Fourteen members of the White Roses played in the big leagues at some point, and manager George Case8 wrote four of them onto his lineup card for the first game.9 Del Unser started in center field and hit leadoff, Dick Billings hit third and played right field, Dick Smith hit cleanup and played left field, and rookie lefty Jan Dukes started on the mound. Dukes was a first-round pick of the Senators in the secondary phase of the 1967 draft. Like many of the White Roses’ other hurlers, he pitched well that year but had little to show for it, posting a 1.63 ERA in 15 Double-A games but going only 5-7.10

Eighteen players who saw action for Pittsfield that year also appeared in the major leagues, and manager Gardner started five of them. In addition to Guindon, this group included center fielder and leadoff hitter Bobby Mitchell; Carmen Fanzone, hitting third and playing first base; left fielder and cleanup hitter Bill Schlesinger; and catcher Russ Gibson, hitting fifth.11 Schlesinger had a monster year, at least by 1967 standards, leading or co-leading the league in hits (141), home runs (21), total bases (236), slugging percentage (.471), and RBIs (81). Mitchell tied his teammate for the league lead in hits and led the league in runs scored, with 74.12

Unlike the pathetic White Roses, the Red Sox played competitive ball, finishing the season with the league’s second-best record at 75-62, 5½ games behind first-place Binghamton.13 Pittsfield came into the game with a four-game winning streak, while York had dropped four in a row.14

With a mere 297 fans on hand at Pittsfield’s Wahconah Park, Dukes and Guindon settled in for a pitchers’ duel. Guindon walked leadoff hitter Unser but quickly settled into a groove, retiring the next three hitters and continuing to mow down the White Roses in subsequent innings. In fact, the White Roses didn’t get another man on base until the seventh inning, when first baseman Joe Klein15 drew another walk. Klein took second on a groundout but advanced no farther.16 Guindon later credited his success to his slider, saying he threw only four or five curveballs over the course of the game.17 While fielding at the lower levels of the minors can be unpredictable, Pittsfield made no errors behind Guindon.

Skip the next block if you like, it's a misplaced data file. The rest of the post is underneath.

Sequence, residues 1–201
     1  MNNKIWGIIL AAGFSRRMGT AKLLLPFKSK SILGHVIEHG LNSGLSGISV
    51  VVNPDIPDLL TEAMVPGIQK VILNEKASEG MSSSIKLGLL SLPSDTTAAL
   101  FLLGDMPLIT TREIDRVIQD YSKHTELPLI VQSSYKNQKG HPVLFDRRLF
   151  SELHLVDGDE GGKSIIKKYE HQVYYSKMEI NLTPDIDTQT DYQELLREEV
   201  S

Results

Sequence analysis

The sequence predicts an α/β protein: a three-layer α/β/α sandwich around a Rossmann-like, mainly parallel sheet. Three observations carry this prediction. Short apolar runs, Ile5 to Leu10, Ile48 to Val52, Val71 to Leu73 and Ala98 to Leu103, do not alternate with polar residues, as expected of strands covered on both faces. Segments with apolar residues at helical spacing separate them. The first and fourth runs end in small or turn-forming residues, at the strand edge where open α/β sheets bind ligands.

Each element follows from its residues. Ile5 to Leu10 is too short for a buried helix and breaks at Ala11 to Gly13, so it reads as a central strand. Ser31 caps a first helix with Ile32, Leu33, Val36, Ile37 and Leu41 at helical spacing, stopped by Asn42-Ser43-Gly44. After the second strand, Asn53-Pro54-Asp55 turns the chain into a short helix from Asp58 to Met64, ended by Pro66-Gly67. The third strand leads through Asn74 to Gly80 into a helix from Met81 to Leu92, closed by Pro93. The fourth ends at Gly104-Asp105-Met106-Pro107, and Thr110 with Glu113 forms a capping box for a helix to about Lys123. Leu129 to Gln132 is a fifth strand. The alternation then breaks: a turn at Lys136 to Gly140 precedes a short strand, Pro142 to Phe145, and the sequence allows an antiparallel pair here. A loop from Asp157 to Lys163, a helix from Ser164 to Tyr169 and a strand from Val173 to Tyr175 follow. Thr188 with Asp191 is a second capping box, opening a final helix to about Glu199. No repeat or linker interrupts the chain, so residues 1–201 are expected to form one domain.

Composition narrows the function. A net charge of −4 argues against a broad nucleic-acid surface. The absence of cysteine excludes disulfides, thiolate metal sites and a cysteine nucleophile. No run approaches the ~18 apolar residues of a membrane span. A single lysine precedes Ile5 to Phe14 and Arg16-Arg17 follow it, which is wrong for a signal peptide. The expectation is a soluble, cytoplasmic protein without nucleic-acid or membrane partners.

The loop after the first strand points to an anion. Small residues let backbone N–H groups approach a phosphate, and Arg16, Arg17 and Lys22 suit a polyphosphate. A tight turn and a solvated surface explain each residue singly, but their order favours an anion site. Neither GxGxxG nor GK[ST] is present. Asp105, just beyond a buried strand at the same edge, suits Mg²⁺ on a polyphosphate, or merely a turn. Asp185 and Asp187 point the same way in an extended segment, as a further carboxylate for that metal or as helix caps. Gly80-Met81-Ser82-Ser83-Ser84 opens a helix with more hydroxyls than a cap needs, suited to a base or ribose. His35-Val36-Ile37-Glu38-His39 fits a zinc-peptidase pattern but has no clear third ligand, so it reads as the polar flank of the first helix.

Dukes was not as dominant but kept the Red Sox off the scoreboard for five innings. In both the second and third innings, the first two Pittsfield batters singled, but timely double plays stalled each rally. The Red Sox finally broke through in the sixth, starting with a one-out single by Fanzone, who took second on a wild pitch. Schlesinger collected an infield hit on a grounder to short, with Fanzone holding at second. Gibson hit a potential double-play grounder to third baseman John Monteleone, but second baseman John Biedenbach dropped Monteleone’s throw to load the bases.18

Right fielder Dan Rudanovich singled to left field to drive in two runs, and a wild return throw to the catcher allowed the runners to move to second and third. Second baseman Stan Bledsoe’s fly ball to center drove in a third run. Dukes intentionally walked third baseman Dick Kratz to pitch to Guindon, and Guindon — hitting .242 at the time — laced a single to make it 4-0. Mitchell hit a fly to right that Billings misplayed, allowing Pittsfield to push across its fifth and final run. Only one of the five runs was earned.19